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Georgia School District Removes From Shelves ‘Lewd, Vulgar’ Books Like ‘It Ends With Us’ in ‘Battle Between Good and Evil’

One of Georgia’s largest school districts, in conservative Cobb County outside Atlanta, is pulling several widely popular books from its library shelves in a move that school leadership says will protect families and taxpayers from “vulgar” content being available to schoolchildren. 

The latest books to be removed in the district include “The Perks of Being a Wallflower,” “Thirteen Reasons Why,” and “Lucky.” District schools will also remove “It Ends With Us,” by a best-selling author, Colleen Hoover, which became immensely popular on TikTok but has faced criticism for allegedly glorifying domestic abuse. A movie adoption of “It Ends With Us” is set to have its premiere in June and will star Blake Lively. 

“I will work tirelessly to ensure your children are not given unrestricted access to materials containing lewd, vulgar, and sexually explicit content, nor will your taxes be used to fund it,” the Cobb County school district’s superintendent, Chris Ragsdale, in a statement. 

Last year, the school district began removing books that were “so graphic they could not even be read aloud during a Board meeting or printed in the local newspaper,” the district notes, and the process started with the pulling of “Me, Earl, and the Dying Girl” and “Flamer” from school media centers. Those books were “rife with graphic sexual content, all of which involved children,” the district said.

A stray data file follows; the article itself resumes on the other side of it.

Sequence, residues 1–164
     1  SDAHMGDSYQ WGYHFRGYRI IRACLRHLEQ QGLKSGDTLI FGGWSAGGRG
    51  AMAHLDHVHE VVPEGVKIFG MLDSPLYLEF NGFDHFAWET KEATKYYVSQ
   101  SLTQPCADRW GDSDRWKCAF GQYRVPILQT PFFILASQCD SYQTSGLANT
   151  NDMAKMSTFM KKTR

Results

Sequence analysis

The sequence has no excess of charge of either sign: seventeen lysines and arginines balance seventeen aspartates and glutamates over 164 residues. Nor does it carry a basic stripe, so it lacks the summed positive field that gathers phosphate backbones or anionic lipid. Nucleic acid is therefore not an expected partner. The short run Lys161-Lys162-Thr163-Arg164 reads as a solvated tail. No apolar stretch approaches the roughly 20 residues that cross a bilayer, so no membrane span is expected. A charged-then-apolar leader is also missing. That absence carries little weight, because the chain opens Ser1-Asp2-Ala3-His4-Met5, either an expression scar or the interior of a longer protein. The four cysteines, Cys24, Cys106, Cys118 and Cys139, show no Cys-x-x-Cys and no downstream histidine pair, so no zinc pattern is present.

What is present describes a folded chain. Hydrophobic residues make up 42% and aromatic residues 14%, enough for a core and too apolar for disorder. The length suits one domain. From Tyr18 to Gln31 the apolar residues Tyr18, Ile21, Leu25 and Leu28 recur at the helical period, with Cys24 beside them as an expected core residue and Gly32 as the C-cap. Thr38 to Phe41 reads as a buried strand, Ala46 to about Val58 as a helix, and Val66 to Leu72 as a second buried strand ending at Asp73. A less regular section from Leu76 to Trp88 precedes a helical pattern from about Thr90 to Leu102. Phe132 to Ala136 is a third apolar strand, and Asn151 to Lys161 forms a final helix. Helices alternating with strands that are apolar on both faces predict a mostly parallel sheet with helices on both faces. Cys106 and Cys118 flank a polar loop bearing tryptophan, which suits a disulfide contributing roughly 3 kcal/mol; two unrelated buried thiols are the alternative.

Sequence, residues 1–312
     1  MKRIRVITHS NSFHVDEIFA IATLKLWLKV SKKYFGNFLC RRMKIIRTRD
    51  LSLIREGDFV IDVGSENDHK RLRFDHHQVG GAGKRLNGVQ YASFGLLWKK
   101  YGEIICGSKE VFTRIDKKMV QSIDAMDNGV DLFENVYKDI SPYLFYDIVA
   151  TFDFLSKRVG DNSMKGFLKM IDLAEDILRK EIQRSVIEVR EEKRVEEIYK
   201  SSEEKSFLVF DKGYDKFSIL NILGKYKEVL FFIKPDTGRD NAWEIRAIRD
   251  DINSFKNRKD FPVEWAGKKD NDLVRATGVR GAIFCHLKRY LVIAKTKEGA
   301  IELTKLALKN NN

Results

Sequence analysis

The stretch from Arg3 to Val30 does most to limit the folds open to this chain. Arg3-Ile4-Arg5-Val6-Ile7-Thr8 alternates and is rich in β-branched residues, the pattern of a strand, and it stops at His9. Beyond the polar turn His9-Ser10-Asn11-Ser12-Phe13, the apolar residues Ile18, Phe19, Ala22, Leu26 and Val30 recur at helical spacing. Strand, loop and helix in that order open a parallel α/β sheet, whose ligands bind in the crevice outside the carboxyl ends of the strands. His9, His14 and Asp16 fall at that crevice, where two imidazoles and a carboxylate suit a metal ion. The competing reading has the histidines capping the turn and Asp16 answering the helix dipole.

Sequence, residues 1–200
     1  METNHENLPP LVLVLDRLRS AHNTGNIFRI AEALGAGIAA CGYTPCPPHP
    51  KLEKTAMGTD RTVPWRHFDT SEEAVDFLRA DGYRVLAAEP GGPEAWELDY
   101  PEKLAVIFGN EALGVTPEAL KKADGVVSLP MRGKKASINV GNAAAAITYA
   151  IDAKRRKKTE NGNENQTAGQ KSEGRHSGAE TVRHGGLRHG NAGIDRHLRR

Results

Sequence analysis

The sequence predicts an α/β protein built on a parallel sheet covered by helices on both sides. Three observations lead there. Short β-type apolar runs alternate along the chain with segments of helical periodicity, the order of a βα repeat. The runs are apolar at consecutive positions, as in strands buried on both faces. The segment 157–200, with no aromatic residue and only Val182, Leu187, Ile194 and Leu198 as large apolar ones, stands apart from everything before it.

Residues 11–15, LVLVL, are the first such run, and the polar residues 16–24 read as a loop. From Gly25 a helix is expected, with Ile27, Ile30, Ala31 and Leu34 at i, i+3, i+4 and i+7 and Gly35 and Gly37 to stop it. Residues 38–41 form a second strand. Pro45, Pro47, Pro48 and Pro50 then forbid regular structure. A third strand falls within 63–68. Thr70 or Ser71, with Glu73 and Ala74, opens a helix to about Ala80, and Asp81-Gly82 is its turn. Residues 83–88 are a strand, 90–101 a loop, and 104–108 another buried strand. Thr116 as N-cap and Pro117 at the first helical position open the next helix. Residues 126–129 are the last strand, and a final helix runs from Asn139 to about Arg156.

“I have made a distinct statement saying protecting children from age-inappropriate and graphically sexually explicit material is a battle between good and evil. You are either in favor of forcing public schools to provide lewd, vulgar, and sexually explicit materials to children, or you are against it,” Mr. Ragsdale said. “As I have repeatedly stated, ‘I do believe the attempt to sexualize children is evil, and we as educators have a professional and moral responsibility to prevent it.’”

At the district’s April board meeting discussing the book removals, some parents pushed back, arguing the school should leave the media centers to do their jobs. 

“Media specialists are the ones with the training to do their jobs, not you. Quit telling them how to do their jobs and banning books in their libraries,” one parent, Sharon Hudson, said, Fox 5 News .

The school is “no more ‘banning books’ than we are banning rated R and NC-17 movies,” Mr. Ragsdale responded to backlash over the removals. 

“What we are doing is refusing to force Cobb County taxpayers and educators to facilitate and advance the sexualization of children,” he said.